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The Boston biotech cluster proved an ideal setting for Pharm Exec's recent annual Editorial Advisory Board meeting, with the prevailing message that even the best environments for innovation require constant nurturing.
The 32nd floor HQ of the Boston Consulting Group, overlooking one of the oldest commercial ports in the US-dating back to 1660-proved the ideal setting for last month’s annual meeting of Pharm Exec’s Editorial Advisory Board (EAB). Literally, it was a room with a view, where sea and sky converge at the horizon line to provide a base point for orientation. That sense of where
you are. Which is precisely what the 33 members of our Board did for us on April 7.
Our theme for the day was the current state of medicines innovation, using the Massachusetts model for biopharmaceutical industry investment to examine whether the standard growth formula of great minds, big money and good government still works to deliver results to patients. Three outside guests from academia, industry advocacy and the commercial space joined us in an informal Roundtable to render a few simple and straightforward conclusions: the regulatory issue of the moment-greater industry transparency on R&D spending-will not bend the drug cost curve; basic academic science remains the springboard to breakthroughs, not just in finished products but in the vital sidebar of process innovation as well; the best salve to high-risk commercial investment is predictability in public governance; and the emotional toll from personal exposure to illness is a critical force multiplier in driving the momentum for new cures.
Most of all, we saw how even the best environments for innovation-and Boston is certainly tops here-require constant nurturing.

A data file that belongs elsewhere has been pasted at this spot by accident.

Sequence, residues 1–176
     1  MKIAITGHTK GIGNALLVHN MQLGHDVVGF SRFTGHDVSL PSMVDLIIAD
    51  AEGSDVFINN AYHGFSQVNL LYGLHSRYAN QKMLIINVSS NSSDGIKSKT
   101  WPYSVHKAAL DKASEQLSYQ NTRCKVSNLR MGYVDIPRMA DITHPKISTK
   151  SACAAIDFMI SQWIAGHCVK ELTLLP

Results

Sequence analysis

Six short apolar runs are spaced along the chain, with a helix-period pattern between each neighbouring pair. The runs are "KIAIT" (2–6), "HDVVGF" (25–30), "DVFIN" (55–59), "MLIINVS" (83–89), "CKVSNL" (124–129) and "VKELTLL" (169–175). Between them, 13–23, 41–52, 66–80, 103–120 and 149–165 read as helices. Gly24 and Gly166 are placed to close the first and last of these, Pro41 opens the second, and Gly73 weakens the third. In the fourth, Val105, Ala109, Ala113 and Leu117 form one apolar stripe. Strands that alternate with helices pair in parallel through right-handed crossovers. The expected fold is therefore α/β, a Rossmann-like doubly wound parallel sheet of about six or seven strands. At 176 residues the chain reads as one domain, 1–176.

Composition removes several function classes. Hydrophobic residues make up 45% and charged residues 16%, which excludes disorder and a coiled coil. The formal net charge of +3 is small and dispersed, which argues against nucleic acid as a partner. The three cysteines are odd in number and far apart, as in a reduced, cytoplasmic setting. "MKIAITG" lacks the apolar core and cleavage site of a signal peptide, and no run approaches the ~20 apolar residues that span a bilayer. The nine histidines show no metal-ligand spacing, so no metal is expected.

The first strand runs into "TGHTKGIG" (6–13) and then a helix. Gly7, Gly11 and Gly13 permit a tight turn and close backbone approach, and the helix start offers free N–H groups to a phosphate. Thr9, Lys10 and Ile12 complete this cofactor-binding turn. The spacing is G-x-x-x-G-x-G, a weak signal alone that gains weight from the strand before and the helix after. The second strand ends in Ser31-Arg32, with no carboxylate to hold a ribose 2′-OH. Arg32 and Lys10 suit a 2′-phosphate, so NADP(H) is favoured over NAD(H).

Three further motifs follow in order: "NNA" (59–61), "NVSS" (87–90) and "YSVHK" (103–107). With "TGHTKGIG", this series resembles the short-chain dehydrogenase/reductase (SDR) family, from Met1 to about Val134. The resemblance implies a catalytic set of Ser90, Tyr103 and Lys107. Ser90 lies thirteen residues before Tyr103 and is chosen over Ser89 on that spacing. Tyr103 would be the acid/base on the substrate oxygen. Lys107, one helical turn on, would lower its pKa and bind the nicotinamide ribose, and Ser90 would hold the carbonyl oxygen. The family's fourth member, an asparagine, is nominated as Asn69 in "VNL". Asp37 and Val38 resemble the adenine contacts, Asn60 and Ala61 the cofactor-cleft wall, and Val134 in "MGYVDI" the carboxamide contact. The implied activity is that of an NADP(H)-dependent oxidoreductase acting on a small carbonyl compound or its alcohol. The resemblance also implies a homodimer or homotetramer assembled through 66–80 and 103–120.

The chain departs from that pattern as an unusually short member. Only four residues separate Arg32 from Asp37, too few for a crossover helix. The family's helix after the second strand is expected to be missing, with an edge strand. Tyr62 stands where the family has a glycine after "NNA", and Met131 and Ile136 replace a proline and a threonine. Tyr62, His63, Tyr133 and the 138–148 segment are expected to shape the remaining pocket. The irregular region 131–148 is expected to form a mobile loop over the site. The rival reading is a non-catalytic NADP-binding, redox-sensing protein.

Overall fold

The key challenge? Despite the region’s success in generating biotech start-ups that big Pharma wants to partner with, fewer are turning that raw potential into sustainable long-term growth. MassBio reports a slow decline in seed financing that could over time jeopardize the state’s record of global leadership in early-stage R&D-the petri dish of innovation.
The big message? In the long slog from idea to investment, and from investment to impact, nothing can be taken for granted. Communicating this premise in new ways, with a personal touch, to diverse audiences that do not include the same familiar faces, is the assignment that the EAB has asked Pharm Exec to take on. Not just to keep public health standards high, but to ensure our own brand’s survival, too. For 35 years, medicines innovation has been the universal language of Pharm Exec, helping us to achieve global reach, grounding our efforts around practical information, all geared to help decision-makers with gravitas solve problems and execute good decisions. We don’t intend to change, so look for our commitment to the cause in the year ahead.
EAB members, first row, left to right: Michael Swanick, PwC; Michael Ringel, Boston Consulting Group; William Looney, Pharm Exec; Barbara Ryan, Clermont Partners; and Peter Young, Young & Partners. Second row: Carrie Liaskos, InVentiv Health; Mason Tenaglia, IMS Health; Joanna Breitstein, Global TB Alliance; Ken Kaitin, Tufts University Center for Study of Drug Development; Terry Hisey, Deloitte; Don Creighton, ICON. Third row: Murray Aitken, IMS Institute for Health Informatics; Terese Waldron, St. Joseph’s University Haub School of Business; Matt Gross, SAS; Michele Holcomb, Teva Pharmaceuticals; Daniel Pascheles, Merck & Co.; Chandra Ramanathan, Bayer AG. Fourth row: John Furey, Baxalta; Steve Girling, Ipsos Healthcare NA; Michael Tessalone, Pharm Exec; Frederic Bouchseiche, Focus Reports; Les Funtleyder, Esquared Asset Management; Cliff Kalb, Kalb Associates. Fifth row: Al Topin, HCB Health; Bob Jansen, Zensights LLC; Albert Wertheimer, Temple University; Rob Dhoble, Adherent Health; Bernard Lachapelle, JBL Associates. Present, not pictured: Ian Wilcox, Hay Group. (Photos: John Halpern)